100–181, § 619, substituted “contract or agreement” for “contract of agreement”.
However, the consequence of business trust status was radically altered in 1997. Prior to the 1997 release of the watershed check-the-box regulations, the 1960 "Kintner" federal tax regulations generally incorporated ancient case law to classify trusts.
In that year, the blockbuster "check-the-box" federal tax regulations mercifully mitigated the stakes of a trust being considered a business trust (the regulations were so designated because they allowed lawyers to choose tax classification simply by in effect checking the box relating to the most desired tax classification. Ordinary trusts were classified and taxed like trusts.
Business trusts were considered a corporation or a partnership depending on whether the trust's legal characteristics more closely resembled those of a corporation or a partnership. 344 (1935), the Kintner regulations provided that trusts possessing three of four identified corporate criteria were taxable as corporations (free transferability of interests, limited liability, centralized management, and continuity of life).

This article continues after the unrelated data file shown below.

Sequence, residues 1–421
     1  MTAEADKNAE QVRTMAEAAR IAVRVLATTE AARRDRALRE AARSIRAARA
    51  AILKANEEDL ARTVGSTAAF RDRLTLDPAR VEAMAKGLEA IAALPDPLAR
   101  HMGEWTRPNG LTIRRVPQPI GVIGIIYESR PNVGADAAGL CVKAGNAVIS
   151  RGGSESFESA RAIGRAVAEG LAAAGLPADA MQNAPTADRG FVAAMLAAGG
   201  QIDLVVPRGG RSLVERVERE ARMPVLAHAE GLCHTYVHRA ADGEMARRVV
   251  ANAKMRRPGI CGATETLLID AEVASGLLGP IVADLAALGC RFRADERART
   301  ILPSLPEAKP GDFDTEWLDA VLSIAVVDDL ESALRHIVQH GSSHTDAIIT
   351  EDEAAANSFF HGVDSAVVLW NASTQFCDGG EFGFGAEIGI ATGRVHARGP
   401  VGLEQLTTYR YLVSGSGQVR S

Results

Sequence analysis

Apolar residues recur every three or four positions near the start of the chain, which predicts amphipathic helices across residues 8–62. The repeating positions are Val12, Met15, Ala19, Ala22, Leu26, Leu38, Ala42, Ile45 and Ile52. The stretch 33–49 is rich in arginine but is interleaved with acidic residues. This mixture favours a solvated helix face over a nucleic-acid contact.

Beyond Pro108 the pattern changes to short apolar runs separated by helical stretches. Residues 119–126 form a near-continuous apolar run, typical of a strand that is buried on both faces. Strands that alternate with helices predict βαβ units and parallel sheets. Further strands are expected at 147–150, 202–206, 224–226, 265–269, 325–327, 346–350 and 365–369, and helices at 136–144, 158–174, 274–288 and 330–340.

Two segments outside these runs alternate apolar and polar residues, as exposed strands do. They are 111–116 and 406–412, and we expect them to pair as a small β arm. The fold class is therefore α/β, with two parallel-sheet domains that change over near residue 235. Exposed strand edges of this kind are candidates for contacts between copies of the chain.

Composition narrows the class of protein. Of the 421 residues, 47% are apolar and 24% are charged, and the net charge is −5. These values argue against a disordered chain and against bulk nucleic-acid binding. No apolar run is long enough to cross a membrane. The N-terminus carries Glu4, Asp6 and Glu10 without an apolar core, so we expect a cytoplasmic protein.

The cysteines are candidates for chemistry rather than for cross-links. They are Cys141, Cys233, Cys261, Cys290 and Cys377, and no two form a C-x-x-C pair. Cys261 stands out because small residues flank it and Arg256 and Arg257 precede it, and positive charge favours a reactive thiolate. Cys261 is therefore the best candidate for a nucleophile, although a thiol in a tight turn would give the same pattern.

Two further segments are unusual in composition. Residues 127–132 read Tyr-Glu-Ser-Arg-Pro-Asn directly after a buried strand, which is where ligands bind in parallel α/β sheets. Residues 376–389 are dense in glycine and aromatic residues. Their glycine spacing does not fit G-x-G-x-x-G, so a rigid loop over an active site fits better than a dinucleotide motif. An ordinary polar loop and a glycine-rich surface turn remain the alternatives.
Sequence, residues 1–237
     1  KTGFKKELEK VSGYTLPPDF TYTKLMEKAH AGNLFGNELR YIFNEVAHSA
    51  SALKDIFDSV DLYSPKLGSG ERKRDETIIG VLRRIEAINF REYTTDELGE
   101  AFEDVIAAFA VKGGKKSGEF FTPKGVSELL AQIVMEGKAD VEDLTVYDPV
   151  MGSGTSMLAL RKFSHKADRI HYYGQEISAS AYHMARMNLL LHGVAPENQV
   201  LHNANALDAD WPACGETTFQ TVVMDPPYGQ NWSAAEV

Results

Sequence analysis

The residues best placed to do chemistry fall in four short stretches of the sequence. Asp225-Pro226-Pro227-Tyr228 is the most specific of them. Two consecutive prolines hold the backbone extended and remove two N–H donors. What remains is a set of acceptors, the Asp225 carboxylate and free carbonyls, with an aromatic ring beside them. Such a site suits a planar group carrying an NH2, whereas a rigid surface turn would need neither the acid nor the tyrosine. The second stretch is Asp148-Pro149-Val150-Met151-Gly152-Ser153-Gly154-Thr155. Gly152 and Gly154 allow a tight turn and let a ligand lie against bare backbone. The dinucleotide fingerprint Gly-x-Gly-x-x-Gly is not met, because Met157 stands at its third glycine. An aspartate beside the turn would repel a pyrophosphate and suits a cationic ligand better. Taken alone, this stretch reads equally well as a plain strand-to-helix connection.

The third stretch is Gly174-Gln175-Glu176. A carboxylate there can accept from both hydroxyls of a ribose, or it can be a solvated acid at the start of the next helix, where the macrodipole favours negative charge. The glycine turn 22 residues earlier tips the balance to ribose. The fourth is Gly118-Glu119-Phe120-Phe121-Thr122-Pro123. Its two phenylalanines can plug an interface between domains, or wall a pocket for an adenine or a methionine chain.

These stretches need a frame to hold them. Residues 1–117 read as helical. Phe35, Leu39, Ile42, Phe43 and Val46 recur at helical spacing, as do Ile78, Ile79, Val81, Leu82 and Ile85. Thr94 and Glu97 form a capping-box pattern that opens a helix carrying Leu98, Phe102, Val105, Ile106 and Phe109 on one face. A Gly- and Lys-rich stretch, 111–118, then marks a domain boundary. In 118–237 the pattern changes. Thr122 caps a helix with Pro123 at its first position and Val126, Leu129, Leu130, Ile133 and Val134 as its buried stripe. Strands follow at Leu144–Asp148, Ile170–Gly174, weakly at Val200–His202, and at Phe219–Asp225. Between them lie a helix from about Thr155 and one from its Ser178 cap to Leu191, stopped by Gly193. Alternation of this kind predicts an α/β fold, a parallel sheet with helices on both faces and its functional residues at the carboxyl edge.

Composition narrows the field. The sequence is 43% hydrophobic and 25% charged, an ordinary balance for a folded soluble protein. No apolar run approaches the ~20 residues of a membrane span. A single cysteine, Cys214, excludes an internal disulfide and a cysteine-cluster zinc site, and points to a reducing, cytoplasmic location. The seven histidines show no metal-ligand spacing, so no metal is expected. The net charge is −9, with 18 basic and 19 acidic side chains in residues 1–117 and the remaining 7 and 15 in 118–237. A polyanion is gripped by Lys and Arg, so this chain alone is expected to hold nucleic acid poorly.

Applying standards first articulated in Morrissey v. Trusts possessing less than three of these criteria were taxable as partnerships.
The classification consequences above only occur when a trust is first considered a business trust rather than an ordinary trust. As with other, more general purpose trusts possessing a business purpose and associates, a special purpose trust classified as a business trust will be considered either a disregarded entity (grantor trust with a single owner) or a partnership (trust with multiple beneficiaries) under the check-the-box regulations (unless the trust elects to be taxed like a corporation).